The Israeli government has dropped an advertising campaign by the Ministry of Absorption warning expatriate Israelis against assimilation into American society
Prime Minister Binyamin Netanyahu reportedly pushed the Ministry into dropping the campaign after receiving a letter from the Jewish Federations of North America calling the advertisements "outrageous and insulting."
"While we recognise the motivations behind the ad campaign, we are strongly opposed to the messaging that American Jews do not understand Israel," the JFNA said in an e-mail to its members seen by the Guardian.
"We share the concerns many of you have expressed that this outrageous and insulting message could harm the Israel-Diaspora relationship," it added.
The campaign centred on the notion that Israelis living in the United States were in danger of becoming assimilated into American society and losing their Israeli heritage.
"Before Hanukkah turns into Christmas, it's time to come back to Israel," declares one of the advertisements, which shows a girl excitedly telling her Israeli grandparents via Skype that it's "Christmas!" instead of the Jewish celebration of Hanukkah.
Another depicts a young Israeli woman wincing when her boyfriend mistakes candles and music marking Israel's memorial day of Yom Hazikaron for a romantic night in.
The words "They will always remain Israelis. Their partners won't always understand what that means. Help them return to Israel" are read by a sombre narrator and scrolled across the screen.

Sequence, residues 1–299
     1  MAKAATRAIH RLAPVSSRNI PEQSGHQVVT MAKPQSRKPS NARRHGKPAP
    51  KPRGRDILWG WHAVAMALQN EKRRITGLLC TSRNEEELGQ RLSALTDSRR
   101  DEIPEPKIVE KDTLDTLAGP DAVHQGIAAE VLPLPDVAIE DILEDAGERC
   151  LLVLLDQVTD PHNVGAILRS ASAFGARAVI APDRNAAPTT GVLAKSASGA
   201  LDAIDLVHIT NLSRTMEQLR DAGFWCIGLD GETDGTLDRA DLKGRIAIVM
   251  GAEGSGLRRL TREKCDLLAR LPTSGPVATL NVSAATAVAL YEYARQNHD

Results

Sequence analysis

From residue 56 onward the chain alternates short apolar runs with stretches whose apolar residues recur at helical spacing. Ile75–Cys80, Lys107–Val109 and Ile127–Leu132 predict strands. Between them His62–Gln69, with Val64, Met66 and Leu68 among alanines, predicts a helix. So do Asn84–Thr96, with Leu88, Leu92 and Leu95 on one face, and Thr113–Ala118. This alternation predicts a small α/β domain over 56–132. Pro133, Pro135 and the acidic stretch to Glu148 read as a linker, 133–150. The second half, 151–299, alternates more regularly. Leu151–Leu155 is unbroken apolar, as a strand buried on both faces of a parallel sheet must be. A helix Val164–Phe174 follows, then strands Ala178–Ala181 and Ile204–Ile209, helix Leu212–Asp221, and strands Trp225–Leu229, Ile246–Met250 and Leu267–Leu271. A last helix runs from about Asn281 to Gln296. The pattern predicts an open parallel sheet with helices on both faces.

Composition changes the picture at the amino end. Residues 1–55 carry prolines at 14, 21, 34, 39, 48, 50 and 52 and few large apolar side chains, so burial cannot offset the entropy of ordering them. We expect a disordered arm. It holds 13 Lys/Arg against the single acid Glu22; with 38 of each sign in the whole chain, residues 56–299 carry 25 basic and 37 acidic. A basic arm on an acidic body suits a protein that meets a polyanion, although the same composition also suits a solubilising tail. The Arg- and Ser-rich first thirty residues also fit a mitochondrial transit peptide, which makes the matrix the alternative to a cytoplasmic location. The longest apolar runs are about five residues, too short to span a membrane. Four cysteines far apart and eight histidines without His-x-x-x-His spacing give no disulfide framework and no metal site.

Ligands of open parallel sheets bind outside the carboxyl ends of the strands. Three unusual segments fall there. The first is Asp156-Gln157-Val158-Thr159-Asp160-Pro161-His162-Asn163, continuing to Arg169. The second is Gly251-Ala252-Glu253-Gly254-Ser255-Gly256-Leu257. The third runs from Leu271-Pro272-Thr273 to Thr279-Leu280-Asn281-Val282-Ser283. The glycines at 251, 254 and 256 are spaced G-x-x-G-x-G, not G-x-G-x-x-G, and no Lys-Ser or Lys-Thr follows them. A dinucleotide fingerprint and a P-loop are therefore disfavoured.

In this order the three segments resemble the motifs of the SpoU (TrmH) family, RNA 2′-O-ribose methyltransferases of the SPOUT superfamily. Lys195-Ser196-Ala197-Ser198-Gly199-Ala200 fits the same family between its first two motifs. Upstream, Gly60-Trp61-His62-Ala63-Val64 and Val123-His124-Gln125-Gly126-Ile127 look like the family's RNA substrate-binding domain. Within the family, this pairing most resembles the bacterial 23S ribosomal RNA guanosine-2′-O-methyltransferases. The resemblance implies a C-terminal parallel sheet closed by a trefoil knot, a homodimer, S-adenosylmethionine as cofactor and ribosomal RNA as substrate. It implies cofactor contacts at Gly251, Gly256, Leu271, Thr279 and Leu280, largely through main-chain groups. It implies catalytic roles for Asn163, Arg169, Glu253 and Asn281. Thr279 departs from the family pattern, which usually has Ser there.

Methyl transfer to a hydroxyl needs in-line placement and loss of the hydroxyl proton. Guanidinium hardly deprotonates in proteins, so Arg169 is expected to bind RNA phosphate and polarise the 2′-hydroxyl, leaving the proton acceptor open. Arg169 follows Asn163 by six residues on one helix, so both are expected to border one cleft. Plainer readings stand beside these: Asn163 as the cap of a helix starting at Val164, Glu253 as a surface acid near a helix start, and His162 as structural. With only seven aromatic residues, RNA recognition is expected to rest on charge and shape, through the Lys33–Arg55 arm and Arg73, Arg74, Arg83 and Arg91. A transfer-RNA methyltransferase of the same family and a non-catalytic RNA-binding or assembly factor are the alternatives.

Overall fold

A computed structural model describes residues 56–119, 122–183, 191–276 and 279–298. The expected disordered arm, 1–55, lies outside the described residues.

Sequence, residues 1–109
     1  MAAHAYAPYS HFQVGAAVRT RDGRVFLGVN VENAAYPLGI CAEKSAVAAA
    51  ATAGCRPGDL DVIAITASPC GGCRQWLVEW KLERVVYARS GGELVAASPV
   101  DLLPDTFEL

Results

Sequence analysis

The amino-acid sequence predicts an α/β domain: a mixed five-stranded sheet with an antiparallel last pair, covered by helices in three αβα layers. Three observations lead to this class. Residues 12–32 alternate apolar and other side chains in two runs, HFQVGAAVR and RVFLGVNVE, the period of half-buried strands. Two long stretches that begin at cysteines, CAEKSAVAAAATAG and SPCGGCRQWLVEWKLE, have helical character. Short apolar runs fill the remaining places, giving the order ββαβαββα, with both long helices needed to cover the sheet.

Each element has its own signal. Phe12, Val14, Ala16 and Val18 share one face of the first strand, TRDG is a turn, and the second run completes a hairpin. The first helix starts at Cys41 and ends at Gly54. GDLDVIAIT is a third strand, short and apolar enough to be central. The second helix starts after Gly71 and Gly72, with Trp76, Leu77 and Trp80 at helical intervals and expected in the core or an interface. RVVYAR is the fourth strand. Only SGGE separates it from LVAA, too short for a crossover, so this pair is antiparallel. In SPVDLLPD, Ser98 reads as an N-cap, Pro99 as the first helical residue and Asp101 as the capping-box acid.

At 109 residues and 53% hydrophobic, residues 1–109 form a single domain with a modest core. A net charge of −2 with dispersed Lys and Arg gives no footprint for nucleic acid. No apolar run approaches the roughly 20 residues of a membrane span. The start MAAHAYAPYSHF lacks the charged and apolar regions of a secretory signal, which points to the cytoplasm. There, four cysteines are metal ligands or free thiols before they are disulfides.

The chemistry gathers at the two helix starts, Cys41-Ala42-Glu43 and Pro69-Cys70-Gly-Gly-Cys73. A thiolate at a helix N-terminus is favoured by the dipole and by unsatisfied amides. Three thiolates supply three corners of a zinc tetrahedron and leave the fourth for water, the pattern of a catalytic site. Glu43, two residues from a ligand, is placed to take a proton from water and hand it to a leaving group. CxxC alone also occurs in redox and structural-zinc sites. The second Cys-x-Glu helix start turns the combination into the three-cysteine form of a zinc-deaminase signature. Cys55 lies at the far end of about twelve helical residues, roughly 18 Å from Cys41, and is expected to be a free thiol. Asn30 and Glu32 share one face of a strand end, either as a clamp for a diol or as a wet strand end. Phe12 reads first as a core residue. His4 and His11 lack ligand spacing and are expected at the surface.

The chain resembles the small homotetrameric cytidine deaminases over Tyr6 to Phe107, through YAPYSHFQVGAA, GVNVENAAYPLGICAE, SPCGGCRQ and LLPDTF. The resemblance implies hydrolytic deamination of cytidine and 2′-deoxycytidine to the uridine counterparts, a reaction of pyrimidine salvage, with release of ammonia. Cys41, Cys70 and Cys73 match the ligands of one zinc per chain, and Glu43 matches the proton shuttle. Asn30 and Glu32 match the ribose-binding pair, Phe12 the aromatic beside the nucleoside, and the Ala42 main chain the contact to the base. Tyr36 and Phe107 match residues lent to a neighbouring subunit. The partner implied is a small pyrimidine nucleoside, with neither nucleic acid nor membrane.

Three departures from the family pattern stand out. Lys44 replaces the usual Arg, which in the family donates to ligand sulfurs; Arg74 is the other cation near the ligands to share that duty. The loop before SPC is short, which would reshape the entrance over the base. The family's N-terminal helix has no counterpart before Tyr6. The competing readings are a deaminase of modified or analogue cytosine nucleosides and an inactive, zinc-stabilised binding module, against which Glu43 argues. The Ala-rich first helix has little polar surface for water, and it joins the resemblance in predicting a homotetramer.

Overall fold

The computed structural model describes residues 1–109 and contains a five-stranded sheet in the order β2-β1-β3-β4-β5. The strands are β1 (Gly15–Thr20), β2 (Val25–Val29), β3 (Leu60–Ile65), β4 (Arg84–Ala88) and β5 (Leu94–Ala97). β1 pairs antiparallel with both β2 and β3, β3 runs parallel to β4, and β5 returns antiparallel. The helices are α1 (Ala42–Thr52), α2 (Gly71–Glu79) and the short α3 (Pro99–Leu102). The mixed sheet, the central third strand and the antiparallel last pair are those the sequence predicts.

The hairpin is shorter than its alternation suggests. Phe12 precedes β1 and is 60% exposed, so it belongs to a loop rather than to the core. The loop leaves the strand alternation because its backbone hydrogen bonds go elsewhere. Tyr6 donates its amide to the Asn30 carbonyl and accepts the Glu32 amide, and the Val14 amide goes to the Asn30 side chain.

"We find these videos heavy-handed, and even demeaning," said Abraham Foxman, national director of the Anti-Defamation League.
"While we appreciate the rationale behind the Israeli government's appeal to its citizens living in the U.S. to return to Israel, we are concerned that some may be offended by what the video implies about American Jewry," he added.
The JFNA sent a letter of protest to the Israeli Ministry of Absorption calling the campaign's "messages that American Jews do not understand Israel deeply insulting and simply outrageous."
The ministry defended the campaign, saying it touched "the fine nerves of Israelis and their identity" and that the decision to launch it was taken in response to surveys conducted among Israelis living in the U.S.
A senior Foreign Ministry official expressed concern and dismay that the advertisements were run without consulting his department.
"We only found out about it from the complaints that reached the consulates," the official said.